"TODAY'S HOTTEST COMICS AT BELOW GUIDE PRICES!", read the opening line to the tiny advert in The Comic Buyer's Guide.
Within just a few days of the ad breaking the requests for the catalog started trickling into my mail box. Yes, trickling. The response was modest to say the least. Do you remember as a kid when, in the days leading up to your birthday you would get all excited about turning a year older, then the day came and went and nothing really happened? You didn't feel any different. It was just kind of a let down. Yeah, that feeling.
Then one day in 1992, while sitting at my desk and contemplating the early demise of at least several utterly contemptible and thoroughly despicable coworkers, I realized that I did not belong in the insane office life I was living. I had risen through the ranks from staff writer to Editor-In-Chief, was making great money, but I was no longer happy. My higher-level position in the magazine meant that I was now more of a people manager than a writer. My enthusiasm for journalism waned considerably amid that nine-to-five yuppie grind.
Indeed, my disposition at the time required a wholly different kind of insanity. I realized that I needed to be my own boss. Not just part-time; all the time. So, just like that, I walked away from wealth and security to the strange, uncertain, but intriguing world of the entrepreneur. I would become an Entertainment Retailer and turn The Comics Club into a full-time profession.
I had been pushing comics via mail-order for a few years now. It was fun, but up to then had really been just a hobby. It made money, but not much. To turn The Comics Club into a business that would pay the bills, I would have to take the next steps toward establishing a storefront from which to push comic books. That would take some time and research, and a deeper journey down the rabbit hole of comic book pushing.
A typical conversion with a fan who approached my table or booth at a show would go something like this:
"Hi!" I would greet them with enthusiasm. I loved greeting customers then, and I still do today. "Are you looking for anything special today?" Then, as I helped them find what they were hunting down, I would slip a few questions into the conversation, asking them where they go to buy their comic books and what they liked about the store. The most typical response was: "I'll tell you what I don't like about them."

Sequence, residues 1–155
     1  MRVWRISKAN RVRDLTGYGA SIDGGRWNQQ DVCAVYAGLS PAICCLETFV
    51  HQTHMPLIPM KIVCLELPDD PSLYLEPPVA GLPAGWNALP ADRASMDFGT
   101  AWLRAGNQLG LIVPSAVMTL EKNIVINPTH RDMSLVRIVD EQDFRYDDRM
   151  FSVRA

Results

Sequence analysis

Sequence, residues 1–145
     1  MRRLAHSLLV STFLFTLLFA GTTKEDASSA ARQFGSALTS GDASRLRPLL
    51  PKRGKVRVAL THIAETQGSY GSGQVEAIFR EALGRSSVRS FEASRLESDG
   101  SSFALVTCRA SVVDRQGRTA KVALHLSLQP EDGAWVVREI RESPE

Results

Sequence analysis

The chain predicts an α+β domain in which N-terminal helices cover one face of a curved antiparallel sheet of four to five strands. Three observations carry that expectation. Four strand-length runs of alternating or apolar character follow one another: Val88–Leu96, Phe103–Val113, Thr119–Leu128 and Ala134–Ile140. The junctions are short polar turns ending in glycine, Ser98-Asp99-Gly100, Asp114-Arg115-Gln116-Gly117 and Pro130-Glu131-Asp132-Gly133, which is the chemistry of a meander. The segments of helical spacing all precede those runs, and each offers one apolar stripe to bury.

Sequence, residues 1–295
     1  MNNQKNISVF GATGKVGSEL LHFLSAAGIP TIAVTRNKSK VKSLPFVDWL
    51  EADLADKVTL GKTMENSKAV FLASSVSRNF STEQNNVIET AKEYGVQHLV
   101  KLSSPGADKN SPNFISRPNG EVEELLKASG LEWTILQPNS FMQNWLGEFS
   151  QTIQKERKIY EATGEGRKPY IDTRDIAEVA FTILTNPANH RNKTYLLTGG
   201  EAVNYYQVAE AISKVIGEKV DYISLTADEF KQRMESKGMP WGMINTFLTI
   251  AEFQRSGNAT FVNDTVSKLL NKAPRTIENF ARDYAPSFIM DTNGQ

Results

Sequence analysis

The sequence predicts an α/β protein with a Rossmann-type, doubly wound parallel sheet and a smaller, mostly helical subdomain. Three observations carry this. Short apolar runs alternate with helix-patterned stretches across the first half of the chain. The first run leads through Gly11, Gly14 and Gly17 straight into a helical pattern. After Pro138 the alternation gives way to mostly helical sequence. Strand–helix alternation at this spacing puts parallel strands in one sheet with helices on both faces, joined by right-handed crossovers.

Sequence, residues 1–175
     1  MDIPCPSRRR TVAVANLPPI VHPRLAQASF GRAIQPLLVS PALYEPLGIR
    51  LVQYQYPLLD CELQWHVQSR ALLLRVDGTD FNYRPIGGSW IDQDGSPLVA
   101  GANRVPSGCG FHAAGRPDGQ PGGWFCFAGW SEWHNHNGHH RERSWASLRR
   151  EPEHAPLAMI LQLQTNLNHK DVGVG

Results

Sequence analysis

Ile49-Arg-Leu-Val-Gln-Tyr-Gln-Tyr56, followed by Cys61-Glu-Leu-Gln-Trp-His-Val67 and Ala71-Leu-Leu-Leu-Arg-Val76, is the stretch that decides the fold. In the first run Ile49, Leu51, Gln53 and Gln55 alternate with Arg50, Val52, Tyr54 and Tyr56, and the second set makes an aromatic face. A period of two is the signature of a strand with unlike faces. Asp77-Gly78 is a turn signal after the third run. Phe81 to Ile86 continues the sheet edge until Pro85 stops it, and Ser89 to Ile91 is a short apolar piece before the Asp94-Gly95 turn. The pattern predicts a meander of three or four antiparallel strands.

That was music to my ears. I got dozens upon dozens of testimonials from fans candidly offering up what they most liked and most hated about the retail comic book and sports card stores they frequented. It was a goldmine of information. The shows not only delivered the information I needed, they also supplied me with many new contacts; people who had already been involved in pushing comics for many years.
One of those retailers approached me about selling comic books and other merchandise to his store wholesale. By then I had established an account with Capital City Distribution and was buying comics and other merchandise wholesale to sell at the shows. I agreed to supply him and at that point I added distribution to my mix of show and mail-order sales. Soon I would add several more comic book and sports card stores to my list of clients, selling them comics and other merchandise outright, as well as putting comic books in some stores on a consignment basis. The inside look at their retail operations was invaluable. That, combined with more than a year of doing collectibles shows and taking copious notes from conversations with customers, gave me the education I needed to make the move to adding retail to my little comic book empire.
Next time in "Confessions":
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